Our CDC reports that there are at least five to 10 unconfirmed COVID-19 cases for every positive case. The Wall Street Journal seems to have coined a motto: “Speed and Scale” as the way out of this. In other words, if we find ourselves walking through hell, don’t stop.

Not so fast, says Dr. Didier Raoult, France’s leading expert on communicable disease, who first claimed in a fascinating interview early on, with hard data that there is a cure for COVID-19 in a widely available, prescription drug for malaria and arthritis, combined in dosage with a common antibiotic, which our FDA had already approved. It would be revolutionary if this could be “repurposed” as a preventative or healing medication for what plagues us now.

Dr. Raoult concludes that this coronavirus crisis, as he sees it, is much like other viruses, just spreading faster, and more are to come. There’s other good news to receive cautiously: Chinese officials claim there have recently been no new cases of coronavirus in their city of Huan, where it started.

When the virus runs its course across the American landscape, will it be a changed world, or will old and new habits come back to haunt us? Millions of lives will have been saved as the result of private business literally shutting down, along with close to universal self-quarantine among our resilient citizens. But for the many who will try to return to jobs that will no longer be there, retraining has to be prepared and ready. The time for that preparation is now.

And if it’s shown that one who has had the virus is immune from getting it again, could they return to the workforce?

After this ends, will more people than ever work remotely? Will college campuses, hyper-populated cities and even the simple handshake, become obsolete? Will we need people crowded into cities where they are too prone to repetitive virus strains? Is even our now justifiable trend toward reusable bags for food shopping giving us widespread packages for viruses and all sorts of super-bacteria?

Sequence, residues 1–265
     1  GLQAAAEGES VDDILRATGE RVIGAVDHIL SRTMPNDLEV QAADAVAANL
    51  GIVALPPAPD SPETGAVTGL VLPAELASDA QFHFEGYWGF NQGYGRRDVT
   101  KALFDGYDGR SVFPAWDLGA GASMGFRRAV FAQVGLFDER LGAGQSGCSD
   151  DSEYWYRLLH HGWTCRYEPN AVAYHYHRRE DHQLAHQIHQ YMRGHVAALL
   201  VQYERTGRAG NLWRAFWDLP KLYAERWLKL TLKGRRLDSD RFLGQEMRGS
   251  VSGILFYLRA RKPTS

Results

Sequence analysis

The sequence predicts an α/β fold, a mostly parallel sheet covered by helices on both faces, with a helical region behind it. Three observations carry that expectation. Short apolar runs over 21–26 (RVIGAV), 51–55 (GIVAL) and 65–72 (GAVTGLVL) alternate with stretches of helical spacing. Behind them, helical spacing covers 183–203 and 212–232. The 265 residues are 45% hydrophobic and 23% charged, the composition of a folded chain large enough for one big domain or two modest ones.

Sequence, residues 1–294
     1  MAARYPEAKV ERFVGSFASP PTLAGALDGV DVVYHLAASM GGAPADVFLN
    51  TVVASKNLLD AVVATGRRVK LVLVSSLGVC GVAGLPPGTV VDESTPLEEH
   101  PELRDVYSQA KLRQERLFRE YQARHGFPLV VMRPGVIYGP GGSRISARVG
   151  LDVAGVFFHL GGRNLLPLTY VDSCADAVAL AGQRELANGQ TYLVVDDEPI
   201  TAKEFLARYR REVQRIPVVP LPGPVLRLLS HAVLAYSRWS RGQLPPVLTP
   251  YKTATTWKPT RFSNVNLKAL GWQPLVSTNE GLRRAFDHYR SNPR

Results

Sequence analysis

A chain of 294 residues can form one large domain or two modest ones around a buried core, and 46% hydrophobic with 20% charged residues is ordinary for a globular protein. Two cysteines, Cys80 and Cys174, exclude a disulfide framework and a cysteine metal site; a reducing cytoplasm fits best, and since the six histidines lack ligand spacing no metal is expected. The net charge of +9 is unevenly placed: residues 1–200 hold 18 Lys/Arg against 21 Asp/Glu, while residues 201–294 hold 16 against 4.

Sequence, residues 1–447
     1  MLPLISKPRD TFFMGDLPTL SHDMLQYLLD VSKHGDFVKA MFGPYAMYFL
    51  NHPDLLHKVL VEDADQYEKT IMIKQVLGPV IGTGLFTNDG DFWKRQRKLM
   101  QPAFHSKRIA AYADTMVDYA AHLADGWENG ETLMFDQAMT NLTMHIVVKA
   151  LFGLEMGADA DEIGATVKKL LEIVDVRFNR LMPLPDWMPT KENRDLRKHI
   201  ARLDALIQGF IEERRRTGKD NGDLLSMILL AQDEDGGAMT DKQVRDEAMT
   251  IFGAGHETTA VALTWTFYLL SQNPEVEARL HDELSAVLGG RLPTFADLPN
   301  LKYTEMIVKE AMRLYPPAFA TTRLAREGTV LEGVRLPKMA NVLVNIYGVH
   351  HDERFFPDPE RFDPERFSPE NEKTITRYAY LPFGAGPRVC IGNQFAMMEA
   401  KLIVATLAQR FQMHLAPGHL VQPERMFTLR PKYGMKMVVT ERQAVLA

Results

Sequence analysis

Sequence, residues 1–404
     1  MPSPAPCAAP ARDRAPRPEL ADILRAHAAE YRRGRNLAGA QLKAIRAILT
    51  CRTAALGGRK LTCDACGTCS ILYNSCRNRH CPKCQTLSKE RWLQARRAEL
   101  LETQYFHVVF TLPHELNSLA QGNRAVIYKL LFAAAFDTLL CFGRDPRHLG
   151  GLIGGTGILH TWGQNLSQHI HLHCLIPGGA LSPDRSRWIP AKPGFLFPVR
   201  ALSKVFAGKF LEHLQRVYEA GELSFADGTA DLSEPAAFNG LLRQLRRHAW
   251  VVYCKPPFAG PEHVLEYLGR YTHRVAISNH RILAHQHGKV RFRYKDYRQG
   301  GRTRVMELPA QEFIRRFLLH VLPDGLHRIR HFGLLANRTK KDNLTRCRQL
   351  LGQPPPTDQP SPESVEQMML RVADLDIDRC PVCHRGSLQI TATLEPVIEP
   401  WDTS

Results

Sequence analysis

Should doctors, and all licensed medical professionals now arrayed in the trenches, be allowed permanently to work across state lines? Will social distancing, already set in motion by our surrender to technology, be our new way of life? Does our survival rest on morphing into neat freaks, ever obsessed with cleanliness? Are our hands really designed for a lifetime of this relentless washing, 20 seconds at a time with soap and hot water, that is in store for them?

Wherever we are headed, anxiously for now we hunker down, waiting, for reports — hopefully soon to come —that the worst is over. That will be our time to rally, put our world back together, and reflect at last that “no winter can abate this spring’s increase.”

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Greg Blass
Greg has spent his life in public service since he enlisted in the U.S. Navy as a teenager. He is a former Suffolk County Family Court judge, six-term Suffolk County legislator and commissioner of Social Services. Now retired, Greg is active in volunteer work and is a board member of several charities. He lives in Jamesport. Email Greg